What is Seborrheic Keratoses?
Seborrheic keratoses is a common noncancerous skin growth. Despite its unbecoming appearance, it is harmless. These skin growths differ in color, are typically oval shaped and often raised, resembling the scaly look of a mole or wart. They can appear anywhere on the body, but commonly appear on the back, shoulders or chest. Seborrheic keratoses is not contagious and is common in middle-aged adults. Having multiple skin growths is also common. Measurements of these elevated growths may vary from pea size to quarter size. It is also possible to have seborrheic keratoses and basal cell carcinoma in the same area on the skin (a common skin cancer). Therefore, examination by a dermatologist is strongly recommended. Our board-certified Austin, TX dermatologists at Snyder Dermatology will provide a thorough skin exam and help by offering treatment options to reduce or eliminate this skin condition.
"I have been to both offices and each experience was awesome. The staff and doctors are friendly and the service is the same as a five star restaurant or hotel.Dr. Dietert is very talented and is a wonderful person. She has a great concern for her patients and will do everything she can do to help.I highly recommend Snyder Dermatology and Dr. Dietert."- T.C. / Google / Oct 04, 2019
"I've been seeing Dr. Snyder for the past ten years. The first time was when I was splitting my time between Los Angeles and Austin while in graduate school. I had a major eczema problem on my skin. I had no clue that the skin problem was from the fumes of an art project I had been creating for a client, till I discussed the specifics of my days before the out break with Dr. Snyder. She was like one of those damn ghost whisperers, walking me through my days. When she nailed the source, she simply explained to me the problem was from the fumes of the chemicals I was working with at the time (industrial resin and a catalyst). She prescribed a steroid and gave me a skin routine, my eczema went away within a week. Amazing! She is still my "go to" dermatologist for other issues I have had over the past few years. Yes, I travel from LA to Austin to see her. She's that good. Keep in mind that she is straightforward and to the point but awesome!"- J.S. / Yelp / Oct 02, 2019
"Dr. PARKER is an incredible dermatologist. I called on Tuesday morning in a panic because of an allergic reaction - she fit me in later that day. Not only did she work quickly to diagnose the problem, but she prescribed medications that fit my difficult and specific allergies. I called on Wednesday to check in and she spoke on the phone with me personally, and is meeting with me for a follow-up as well. 10/10 doctor all around- truly cares about her patients. Would recommend her to everyone reading this!!!! Best dermatologist experience I've had- and I've seen a lot of them."- C.C. / Yelp / Aug 22, 2019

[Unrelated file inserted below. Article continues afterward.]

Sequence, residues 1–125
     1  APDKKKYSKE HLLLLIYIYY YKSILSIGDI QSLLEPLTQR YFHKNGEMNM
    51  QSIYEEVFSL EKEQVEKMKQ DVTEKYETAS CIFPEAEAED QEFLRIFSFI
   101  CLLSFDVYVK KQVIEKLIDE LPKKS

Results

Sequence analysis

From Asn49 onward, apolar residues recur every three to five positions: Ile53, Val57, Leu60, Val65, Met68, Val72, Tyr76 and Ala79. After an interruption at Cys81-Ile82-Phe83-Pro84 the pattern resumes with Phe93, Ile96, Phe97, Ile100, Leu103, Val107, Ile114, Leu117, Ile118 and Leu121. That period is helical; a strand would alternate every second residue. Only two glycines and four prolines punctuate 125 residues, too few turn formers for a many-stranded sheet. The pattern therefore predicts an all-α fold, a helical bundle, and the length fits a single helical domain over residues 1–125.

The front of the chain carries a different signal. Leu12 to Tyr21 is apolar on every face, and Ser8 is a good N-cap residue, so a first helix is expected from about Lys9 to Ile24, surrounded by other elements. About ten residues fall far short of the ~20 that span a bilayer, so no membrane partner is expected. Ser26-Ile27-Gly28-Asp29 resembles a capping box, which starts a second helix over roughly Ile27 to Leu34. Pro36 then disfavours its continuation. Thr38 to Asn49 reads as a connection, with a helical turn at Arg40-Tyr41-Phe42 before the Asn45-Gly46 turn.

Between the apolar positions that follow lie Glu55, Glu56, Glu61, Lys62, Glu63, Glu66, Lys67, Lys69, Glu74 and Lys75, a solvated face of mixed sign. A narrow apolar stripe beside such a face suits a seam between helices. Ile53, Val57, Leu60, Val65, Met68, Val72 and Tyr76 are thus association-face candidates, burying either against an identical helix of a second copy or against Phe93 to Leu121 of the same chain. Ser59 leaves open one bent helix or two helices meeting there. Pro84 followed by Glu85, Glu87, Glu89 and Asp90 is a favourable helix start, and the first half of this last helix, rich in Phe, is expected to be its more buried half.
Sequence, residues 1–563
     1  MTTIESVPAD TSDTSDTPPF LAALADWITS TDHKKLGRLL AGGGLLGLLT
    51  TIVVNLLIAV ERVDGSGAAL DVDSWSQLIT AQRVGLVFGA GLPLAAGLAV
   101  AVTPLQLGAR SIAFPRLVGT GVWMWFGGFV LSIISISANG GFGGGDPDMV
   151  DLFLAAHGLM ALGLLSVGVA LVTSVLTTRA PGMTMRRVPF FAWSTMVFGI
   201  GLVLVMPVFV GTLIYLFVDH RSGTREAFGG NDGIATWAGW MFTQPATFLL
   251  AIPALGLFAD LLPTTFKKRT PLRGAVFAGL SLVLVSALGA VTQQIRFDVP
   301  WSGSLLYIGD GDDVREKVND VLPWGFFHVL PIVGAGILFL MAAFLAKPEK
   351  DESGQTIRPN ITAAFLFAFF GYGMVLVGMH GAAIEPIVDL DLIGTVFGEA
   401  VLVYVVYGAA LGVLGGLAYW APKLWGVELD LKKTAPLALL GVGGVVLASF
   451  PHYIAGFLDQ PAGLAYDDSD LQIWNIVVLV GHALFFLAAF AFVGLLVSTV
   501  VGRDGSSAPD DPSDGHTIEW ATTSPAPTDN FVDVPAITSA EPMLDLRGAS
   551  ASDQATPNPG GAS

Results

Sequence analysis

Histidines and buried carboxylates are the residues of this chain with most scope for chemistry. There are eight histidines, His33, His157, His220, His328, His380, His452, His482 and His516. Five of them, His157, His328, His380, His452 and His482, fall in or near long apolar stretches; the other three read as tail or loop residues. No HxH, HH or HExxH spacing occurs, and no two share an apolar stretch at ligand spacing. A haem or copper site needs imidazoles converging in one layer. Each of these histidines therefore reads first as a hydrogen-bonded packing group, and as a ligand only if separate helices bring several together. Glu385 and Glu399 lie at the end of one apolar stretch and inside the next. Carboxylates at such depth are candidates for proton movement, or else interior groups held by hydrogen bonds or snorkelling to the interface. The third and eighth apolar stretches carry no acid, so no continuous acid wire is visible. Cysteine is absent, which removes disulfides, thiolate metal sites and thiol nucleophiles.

"Highly recommend seeing Dr. Dietert, fantastic doctor and a kind person. With her you know you are in great hands."- C.D. / Google / Jun 13, 2019
"Audrey is the best aesthetician! Very knowledgeable and kind!! Good environment and very friendly staff!! Thank you!"- R.S. / Yelp / May 22, 2019
Causes of Seborrheic Keratosis
The cause of seborrheic keratoses is unknown. In most patients, irritation may occur due to its raised nature, but generally it does not itch or cause discomfort. It's important to be aware of how tight clothing may affect the condition as to avoid friction or collision of these raised skin lesions with other objects. Accidently scraping or puncturing seborrheic keratoses may be painful and lead to bleeding. Although it’s common to have slightly elevated growths, they may also be flat. The discoloration of seborrheic keratoses varies from black, brown, tan, yellow or white. The texture of these skin lesions also vary from rough, scaly, or scab like consistency.
How to Treat the Condition
Depending on the severity of the skin condition, seborrheic keratoses can be removed by laser treatment, freezing, electric therapy or scraping. Cryosurgery is used to freeze lesions with liquid nitrogen and is often very effective. Electric therapy (or electrocautery) burns the lesions with electric currents. Patients with lighter or flat growths are recommended to have the lesions removed through scraping or curettage. After the removal of seborrheic keratoses, the skin may be discolored, but this normally fades over time, especially with proper wound care. The removal of these skin growths does not guarantee that reoccurrence will not occur. The reoccurrence of seborrheic keratoses is possible even after surgical removal.
Despite seborrheic keratoses being benign, a check-up by a dermatologist is recommended because it greatly resembles melanoma in appearance, which is a harmful skin cancer. Doctors can perform a skin biopsy to confirm the lesion is benign if dermoscopy or clinical exam is not conclusive. A skin biopsy is a small surgical removal of some, or all of the lesion. Removing the growth by yourself can be dangerous and is not recommend. Improper attempts to remove seborrheic keratoses may lead to infection. Some argue overexposure to sunlight is a contributing factor to the occurrence of seborrheic keratoses, but it’s not certain.
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Seeing a dermatologist to properly diagnose seborrheic keratoses is highly encouraged, as it closely resembles melanoma in physical appearance. Our dedicated medical team exceedingly strives to provide the utmost professional care and we invite you to stop by for a consultation and diagnostic testing. A simple screening can relieve you from worry and position you on the way to clearer skin.